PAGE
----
I always consider around Week 5 or so of school the midway point even if there are way more weeks to follow. In the past few weeks I’ve been juggling the full time schedule of 4 courses, work and crazy work deadlines, my daughters homework and my dad’s health. He’s been in and out of the hospital for the past month. In between all of that, I can openly attest that some of my work is not entirely up to par. Wendy Williams was recently scrutinized for saying that women will always have to sacrifice, whether it’s work, school, children etc. She’s right. Although we think that we’ve departed from a historical implication of roles and women, the truth is that women are the primary care takers of their children. When your child is home sick the majority of the time its the mother who stays home and cares for her child, the examples can go on and on. Wendy’s comment basically was that you can’t do it all, something will always lags and women are the one’s who sacrifice in career and marriage and she’s right. This was Wendy’s remarks:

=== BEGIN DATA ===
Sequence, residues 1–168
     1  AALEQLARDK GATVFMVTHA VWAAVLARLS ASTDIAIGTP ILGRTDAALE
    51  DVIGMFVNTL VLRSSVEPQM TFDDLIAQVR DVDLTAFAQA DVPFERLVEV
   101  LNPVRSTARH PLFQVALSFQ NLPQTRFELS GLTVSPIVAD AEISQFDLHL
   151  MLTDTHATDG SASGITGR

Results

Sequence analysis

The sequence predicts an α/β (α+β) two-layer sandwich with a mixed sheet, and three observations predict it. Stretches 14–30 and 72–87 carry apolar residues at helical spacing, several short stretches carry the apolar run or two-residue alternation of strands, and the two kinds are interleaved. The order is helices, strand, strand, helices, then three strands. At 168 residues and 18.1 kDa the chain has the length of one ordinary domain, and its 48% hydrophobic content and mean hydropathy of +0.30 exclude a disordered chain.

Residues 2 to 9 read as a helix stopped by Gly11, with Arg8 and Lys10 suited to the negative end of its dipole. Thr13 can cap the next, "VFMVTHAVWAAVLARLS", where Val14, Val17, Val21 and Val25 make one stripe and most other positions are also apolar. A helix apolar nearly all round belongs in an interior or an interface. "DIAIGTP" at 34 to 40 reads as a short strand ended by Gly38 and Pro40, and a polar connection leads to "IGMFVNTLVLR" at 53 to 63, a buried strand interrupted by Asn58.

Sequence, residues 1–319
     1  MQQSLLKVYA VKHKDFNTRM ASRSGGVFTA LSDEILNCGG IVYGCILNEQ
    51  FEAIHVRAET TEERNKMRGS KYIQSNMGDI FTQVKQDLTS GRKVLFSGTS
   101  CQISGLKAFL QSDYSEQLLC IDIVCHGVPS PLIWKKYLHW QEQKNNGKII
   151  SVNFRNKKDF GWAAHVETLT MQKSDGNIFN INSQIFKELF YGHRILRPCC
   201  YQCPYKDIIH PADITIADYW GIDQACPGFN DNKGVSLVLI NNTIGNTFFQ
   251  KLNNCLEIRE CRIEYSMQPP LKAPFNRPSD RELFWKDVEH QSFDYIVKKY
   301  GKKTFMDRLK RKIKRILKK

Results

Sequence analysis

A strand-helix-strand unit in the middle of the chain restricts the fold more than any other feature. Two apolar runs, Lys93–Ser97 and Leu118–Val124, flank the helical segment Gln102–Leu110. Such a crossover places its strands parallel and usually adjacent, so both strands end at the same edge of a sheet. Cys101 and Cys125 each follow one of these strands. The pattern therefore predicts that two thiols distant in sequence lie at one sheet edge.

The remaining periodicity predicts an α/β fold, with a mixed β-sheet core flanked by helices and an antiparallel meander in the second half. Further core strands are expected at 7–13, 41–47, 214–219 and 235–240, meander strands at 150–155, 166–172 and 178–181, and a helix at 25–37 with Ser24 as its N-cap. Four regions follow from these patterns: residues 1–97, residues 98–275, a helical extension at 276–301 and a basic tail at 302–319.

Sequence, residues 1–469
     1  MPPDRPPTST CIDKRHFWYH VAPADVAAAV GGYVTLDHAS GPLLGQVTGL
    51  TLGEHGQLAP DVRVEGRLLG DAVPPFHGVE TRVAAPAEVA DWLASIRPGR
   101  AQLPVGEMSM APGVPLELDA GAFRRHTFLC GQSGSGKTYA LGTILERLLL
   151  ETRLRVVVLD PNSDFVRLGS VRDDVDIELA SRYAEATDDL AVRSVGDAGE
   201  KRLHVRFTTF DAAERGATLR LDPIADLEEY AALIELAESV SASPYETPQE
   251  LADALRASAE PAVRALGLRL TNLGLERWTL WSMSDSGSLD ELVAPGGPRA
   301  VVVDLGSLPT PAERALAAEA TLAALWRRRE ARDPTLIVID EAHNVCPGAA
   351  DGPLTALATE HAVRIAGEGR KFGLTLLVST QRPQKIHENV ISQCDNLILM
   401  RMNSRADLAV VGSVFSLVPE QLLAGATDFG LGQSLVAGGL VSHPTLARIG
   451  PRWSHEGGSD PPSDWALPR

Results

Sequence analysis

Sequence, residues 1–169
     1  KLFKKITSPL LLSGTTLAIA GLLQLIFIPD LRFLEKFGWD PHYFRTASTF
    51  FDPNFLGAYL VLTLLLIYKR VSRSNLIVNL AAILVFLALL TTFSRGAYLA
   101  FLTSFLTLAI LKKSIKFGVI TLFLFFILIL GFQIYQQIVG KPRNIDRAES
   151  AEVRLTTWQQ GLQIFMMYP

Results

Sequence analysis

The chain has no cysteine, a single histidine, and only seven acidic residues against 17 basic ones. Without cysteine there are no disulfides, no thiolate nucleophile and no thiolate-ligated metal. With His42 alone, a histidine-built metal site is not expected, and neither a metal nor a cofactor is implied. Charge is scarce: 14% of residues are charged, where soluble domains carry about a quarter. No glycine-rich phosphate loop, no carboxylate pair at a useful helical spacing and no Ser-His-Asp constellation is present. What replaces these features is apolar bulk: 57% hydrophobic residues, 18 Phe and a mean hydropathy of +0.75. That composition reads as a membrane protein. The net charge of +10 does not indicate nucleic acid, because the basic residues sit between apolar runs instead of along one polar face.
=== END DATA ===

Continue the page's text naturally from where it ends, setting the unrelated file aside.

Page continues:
“We can debate this all day. Every woman has a different view and there are some women who have an opinion and are scared to voice their opinion on it. But I’m not afraid to voice mine—don’t throw tomatoes.

I do feel it is difficult for men to accept really successful career women. Whether it be that we out-earn them or the marquee, our names are brighter than their own. I also feel like marriage and babies stunt a woman’s growth career-wise and they don’t understand like, once you get married and once you have kids, you can’t do all the things that you used to do and maintain this important precious thing you’ve built as a family.

So my suggestion to women, always, is to use your entire 20s…work your behind off in your career and get some ground footing, then think about meeting that guy. Even if you’ve met him at 27, don’t get engaged and don’t move to where he is. This is about you and your career. Because we are the ones that lose in marriage.

Not men! Men can have all their boys’ nights out and whenever we have a girls’ night out I’m always, ‘I gotta leave, it’s soccer practice.’ I’m not saying that’s a bad thing. I’m saying that as a woman who’s been married for 17 years, we’re still expected to empty the dishwasher and we’re still expected to maintain our household.”